Last updated on November 21st, 2019 at 11:11 am
One of the most significant examples of economic decline in Milwaukee’s central city is the story of A.O. Smith.
Founded in 1874 as a baby carriage and bicycle parts manufacturer, A.O. Smith grew into a Fortune 500 company with a massive auto frame manufacturing complex along Capitol Drive on Milwaukee’s northwest side.
A.O. Smith was also a defense contractor and at its peak had 15,000 employees at the Capitol Drive complex. The company still had 6,000 employees there in the early 1980s.
In 1997, A.O. Smith sold its automotive business to Tower Automotive Inc. At that time the Capitol Drive complex still had 2,800 employees.
But in 2006 Tower Automotive shut down its Milwaukee operation. At a place where thousands of people once worked, there were none.
The former A.O. Smith/Tower Automotive site was acquired by the city of Milwaukee, which spent years working to transform it into a business park, which officials named Century City.
It has not been easy to attract businesses to Century City Business Park. Companies are unfortunately reluctant to establish operations in low income areas with higher levels of crime.
Efforts to attract businesses to Century City finally gained some momentum recently, with the return of Talgo and the addition of Good City Brewing. Talgo plans to add 63 jobs, bringing its employment at Century City to 90. Good City Brewing moved its headquarters office and warehousing, with a total of about 10 jobs, to Century City.
That’s great news for Milwaukee, but Century City is still a long way away from providing the thousands of family-supporting jobs that the site once did in its A.O. Smith heyday.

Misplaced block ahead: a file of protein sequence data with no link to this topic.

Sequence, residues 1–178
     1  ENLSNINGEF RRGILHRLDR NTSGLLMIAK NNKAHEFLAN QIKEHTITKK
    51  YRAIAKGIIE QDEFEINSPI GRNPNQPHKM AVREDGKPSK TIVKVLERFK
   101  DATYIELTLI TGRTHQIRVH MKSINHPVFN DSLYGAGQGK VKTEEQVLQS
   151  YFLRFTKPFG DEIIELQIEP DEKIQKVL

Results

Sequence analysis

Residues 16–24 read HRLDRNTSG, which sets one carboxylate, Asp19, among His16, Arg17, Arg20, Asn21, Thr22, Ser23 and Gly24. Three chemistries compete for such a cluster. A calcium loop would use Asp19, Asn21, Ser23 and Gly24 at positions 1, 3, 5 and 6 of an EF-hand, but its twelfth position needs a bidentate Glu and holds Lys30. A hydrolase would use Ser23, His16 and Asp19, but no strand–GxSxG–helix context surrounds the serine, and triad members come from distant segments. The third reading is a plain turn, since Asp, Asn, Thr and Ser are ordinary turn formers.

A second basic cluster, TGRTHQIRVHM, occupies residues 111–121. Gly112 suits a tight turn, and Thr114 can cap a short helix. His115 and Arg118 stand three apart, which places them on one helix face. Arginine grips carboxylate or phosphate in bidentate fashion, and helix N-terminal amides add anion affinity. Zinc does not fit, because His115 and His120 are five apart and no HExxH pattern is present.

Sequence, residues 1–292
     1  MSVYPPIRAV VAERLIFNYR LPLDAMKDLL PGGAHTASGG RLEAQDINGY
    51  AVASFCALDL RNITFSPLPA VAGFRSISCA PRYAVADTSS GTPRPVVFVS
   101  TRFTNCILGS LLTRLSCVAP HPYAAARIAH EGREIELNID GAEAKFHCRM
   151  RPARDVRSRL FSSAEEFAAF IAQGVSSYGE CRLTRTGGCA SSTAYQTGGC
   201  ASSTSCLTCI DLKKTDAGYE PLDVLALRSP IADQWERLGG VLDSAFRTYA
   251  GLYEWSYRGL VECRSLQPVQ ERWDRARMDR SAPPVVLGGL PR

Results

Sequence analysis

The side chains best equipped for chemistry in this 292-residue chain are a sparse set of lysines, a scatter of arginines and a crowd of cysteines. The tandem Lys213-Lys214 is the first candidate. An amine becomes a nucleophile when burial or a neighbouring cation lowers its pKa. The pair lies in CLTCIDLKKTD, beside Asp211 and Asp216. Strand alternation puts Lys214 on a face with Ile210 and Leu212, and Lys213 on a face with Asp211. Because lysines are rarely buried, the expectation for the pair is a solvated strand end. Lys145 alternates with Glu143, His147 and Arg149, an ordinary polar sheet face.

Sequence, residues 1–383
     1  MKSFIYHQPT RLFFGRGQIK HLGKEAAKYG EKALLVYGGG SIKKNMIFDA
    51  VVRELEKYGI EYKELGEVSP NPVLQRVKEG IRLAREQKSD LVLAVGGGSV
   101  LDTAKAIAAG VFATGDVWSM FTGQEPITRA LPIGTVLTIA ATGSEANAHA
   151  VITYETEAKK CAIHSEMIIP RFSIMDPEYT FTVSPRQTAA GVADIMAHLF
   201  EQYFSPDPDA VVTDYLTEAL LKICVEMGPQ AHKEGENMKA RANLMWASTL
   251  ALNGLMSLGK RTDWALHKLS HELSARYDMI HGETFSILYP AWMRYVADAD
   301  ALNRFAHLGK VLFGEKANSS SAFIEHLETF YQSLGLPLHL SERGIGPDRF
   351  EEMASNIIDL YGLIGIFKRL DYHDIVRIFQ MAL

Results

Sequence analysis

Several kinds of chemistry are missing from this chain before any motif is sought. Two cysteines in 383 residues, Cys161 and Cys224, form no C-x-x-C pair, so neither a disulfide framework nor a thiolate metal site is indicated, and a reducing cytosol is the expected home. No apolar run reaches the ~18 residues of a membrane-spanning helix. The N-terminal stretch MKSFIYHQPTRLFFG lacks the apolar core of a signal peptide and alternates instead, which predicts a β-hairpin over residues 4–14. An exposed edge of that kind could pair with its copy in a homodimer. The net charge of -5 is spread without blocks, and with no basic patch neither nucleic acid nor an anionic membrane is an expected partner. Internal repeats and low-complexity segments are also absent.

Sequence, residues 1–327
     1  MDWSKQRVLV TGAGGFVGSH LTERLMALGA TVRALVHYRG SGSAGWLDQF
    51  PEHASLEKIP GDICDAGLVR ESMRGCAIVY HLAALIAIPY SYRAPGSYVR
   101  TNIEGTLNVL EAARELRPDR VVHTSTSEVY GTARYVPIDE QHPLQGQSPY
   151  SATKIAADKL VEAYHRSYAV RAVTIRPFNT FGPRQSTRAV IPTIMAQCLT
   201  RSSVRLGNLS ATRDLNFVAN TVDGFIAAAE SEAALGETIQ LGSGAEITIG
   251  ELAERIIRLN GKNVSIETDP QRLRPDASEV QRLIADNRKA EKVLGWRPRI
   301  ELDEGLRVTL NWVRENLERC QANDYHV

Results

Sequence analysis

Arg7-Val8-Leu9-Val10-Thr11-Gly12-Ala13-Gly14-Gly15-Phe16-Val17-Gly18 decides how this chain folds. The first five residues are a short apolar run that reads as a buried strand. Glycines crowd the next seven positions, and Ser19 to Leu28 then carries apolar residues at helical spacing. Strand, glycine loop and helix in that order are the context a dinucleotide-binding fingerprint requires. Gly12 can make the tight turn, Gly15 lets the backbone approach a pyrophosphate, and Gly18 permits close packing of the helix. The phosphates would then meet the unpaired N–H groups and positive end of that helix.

When Franklin-based Strauss Brands announced plans to move its headquarters and meat processing facility to Century City, starting with 250 jobs, it seemed like Century City had finally gained significant momentum in attracting employers. City officials enthusiastically backed the plans.
But all of that changed when activists raised concerns about the establishment of a “slaughterhouse” in Century City, which is surrounded by residential neighborhoods. Ald. Khalif Rainey, who represents the area, suddenly did a 180, flip-flopping from Strauss Brands supporter to opponent in less than a week.
Quickly the company caved too, and dropped its plans for Century City.
Concerns from neighbors should absolutely be taken seriously, but it seems like nobody took the time to see if they could be addressed.
A huge opportunity to bring jobs to an area that desperately needs them has been lost and a terrible message has been sent to the business community.
It will take bold leadership to revitalize the central city. That was sorely lacking with the Strauss Brands plans.